Having life insurance means your loved ones are protected from financial worry should the worst happen to you. There are a few different types of life insurance to choose from – some more affordable than others – but if you've got life insurance and your circumstances change, or you change your mind about the kind of cover you need, can you cancel your life insurance policy? The answer is: yes. Here’s everything you need to know about cancelling or changing your policy.

Can I cancel my new life insurance policy?

If you’ve just taken out life insurance and you change your mind – don't worry. Your new life insurance policy should come with a 30-day cooling off period, so if you decide it’s not for you during this window, you can cancel it and be refunded your first premium.

Can I cancel my existing life insurance policy?

You can always cancel your life insurance policy, however long you've had it. You just need to bear in mind that you won't be refunded for the premiums that you've paid so far, and after you've cancelled your policy, you'll no longer be insured. You should consider the impact of this carefully before cancelling.

Things to consider before cancelling your life insurance

There are upsides and downsides to cancelling your life insurance policy – and various reasons why you might be considering it. It's important to be sure cancelling is the right thing to do before doing so; there might be other, more favourable options at our disposal, like updating your cover or taking out an additional policy.

Your financial dependents

Most people take out life insurance to protect those who would be financially affected by their death – like a partner or children. If these people are no longer financially dependent on you, you might decide to cancel your life insurance policy. This could happen if after a separation, for example, or as your children become financially independent. You will be able to do this, but remember you won’t get any money back, no matter how long you’ve been paying the premiums. If you're near the end of your policy, you might decide it's worth keeping the cover in place.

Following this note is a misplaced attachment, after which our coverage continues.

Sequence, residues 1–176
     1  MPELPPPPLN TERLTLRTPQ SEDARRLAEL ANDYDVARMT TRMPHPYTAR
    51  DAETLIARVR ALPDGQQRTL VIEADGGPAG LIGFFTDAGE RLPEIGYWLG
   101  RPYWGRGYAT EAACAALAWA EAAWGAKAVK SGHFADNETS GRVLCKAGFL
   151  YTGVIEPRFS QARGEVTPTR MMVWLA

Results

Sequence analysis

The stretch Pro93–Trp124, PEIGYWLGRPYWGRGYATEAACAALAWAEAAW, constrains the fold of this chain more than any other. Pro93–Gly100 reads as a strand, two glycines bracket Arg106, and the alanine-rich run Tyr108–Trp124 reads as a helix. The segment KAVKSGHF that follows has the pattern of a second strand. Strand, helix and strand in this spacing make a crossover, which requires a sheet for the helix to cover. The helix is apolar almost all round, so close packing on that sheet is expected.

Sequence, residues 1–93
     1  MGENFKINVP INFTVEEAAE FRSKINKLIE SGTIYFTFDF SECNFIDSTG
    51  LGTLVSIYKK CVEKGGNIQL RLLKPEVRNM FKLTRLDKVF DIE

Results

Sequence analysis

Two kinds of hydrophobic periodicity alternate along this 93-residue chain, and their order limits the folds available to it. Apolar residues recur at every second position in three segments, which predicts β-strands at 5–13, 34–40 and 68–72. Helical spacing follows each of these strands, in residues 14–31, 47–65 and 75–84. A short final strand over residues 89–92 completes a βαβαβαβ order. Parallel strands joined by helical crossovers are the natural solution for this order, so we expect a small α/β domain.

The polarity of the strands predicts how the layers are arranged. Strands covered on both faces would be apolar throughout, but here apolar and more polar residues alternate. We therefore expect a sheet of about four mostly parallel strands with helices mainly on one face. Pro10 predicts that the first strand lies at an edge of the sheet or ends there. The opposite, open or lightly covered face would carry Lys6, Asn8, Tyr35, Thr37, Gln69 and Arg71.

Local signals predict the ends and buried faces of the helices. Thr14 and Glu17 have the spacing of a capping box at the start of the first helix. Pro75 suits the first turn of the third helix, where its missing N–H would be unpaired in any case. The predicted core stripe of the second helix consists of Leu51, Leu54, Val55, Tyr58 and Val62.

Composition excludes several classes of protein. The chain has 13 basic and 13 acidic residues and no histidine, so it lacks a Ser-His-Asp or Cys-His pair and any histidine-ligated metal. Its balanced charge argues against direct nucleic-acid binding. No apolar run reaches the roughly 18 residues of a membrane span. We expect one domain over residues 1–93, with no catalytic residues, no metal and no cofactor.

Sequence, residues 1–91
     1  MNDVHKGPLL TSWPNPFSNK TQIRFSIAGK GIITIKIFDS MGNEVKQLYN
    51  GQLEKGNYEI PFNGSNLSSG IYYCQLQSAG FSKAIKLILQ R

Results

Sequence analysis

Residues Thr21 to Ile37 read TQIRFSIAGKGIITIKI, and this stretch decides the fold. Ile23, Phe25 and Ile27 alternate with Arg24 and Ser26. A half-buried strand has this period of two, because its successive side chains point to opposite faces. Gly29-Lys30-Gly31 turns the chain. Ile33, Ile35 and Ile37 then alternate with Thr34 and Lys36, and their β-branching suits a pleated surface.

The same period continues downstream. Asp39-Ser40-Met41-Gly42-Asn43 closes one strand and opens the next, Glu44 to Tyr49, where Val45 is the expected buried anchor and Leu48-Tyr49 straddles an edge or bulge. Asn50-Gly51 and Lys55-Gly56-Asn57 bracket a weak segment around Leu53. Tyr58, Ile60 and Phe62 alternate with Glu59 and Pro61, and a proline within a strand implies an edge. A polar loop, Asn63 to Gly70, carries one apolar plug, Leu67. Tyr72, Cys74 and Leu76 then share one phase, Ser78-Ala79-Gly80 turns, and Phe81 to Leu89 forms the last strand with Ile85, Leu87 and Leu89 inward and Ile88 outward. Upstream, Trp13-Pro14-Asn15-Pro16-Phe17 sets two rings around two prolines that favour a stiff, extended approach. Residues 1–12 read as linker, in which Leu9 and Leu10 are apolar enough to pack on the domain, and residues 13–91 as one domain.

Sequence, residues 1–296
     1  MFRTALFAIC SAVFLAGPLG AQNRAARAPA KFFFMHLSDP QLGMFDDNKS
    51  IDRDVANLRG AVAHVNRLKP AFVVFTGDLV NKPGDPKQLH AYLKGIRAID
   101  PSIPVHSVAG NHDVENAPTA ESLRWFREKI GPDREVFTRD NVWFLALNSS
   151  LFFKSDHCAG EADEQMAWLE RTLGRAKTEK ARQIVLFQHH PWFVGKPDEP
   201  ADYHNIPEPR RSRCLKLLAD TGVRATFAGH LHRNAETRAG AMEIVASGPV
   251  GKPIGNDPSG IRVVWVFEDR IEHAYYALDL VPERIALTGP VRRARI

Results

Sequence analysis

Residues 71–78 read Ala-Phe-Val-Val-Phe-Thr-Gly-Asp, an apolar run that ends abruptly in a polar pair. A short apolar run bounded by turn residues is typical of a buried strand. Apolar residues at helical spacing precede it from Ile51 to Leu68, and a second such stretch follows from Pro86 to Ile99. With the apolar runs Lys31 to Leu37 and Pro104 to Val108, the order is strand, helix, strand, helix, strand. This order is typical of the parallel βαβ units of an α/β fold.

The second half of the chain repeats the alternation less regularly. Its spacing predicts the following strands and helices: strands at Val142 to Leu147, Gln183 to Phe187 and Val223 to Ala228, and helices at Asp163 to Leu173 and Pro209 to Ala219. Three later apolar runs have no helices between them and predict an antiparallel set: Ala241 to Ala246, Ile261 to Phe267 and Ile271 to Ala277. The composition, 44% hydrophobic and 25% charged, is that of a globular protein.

Your monthly insurance premiums

You might consider cancelling your life insurance policy if you're trying to reduce your monthly outgoings. Again, this is fine, but you should try to avoid cancelling if you still have a need for protection – i.e. if there are people in your life who'd be left struggling financially if you died. It’s also important to remember that life insurance policies are based on risk, so the younger you are, the cheaper they are. If you cancel your policy now and decide to take out a new one in the future, the premiums on the new policy could be more expensive than your current one.

Changing your cover level

You might think about cancelling your policy and taking out a new one if your circumstances change and the cover you have is no longer sufficient – but changing the cover level of your existing policy is likely to be a better option in this scenario. Many insurers will allow you to tweak this after certain life events, like getting married, becoming a parent, or taking out a new mortgage. This could work out cheaper than cancelling and taking out a new policy because you won't have to go through medical underwriting again – and generally speaking, life insurance is more expensive the older you are, so a new policy is likely to be more expensive than your existing policy.

Taking out an additional policy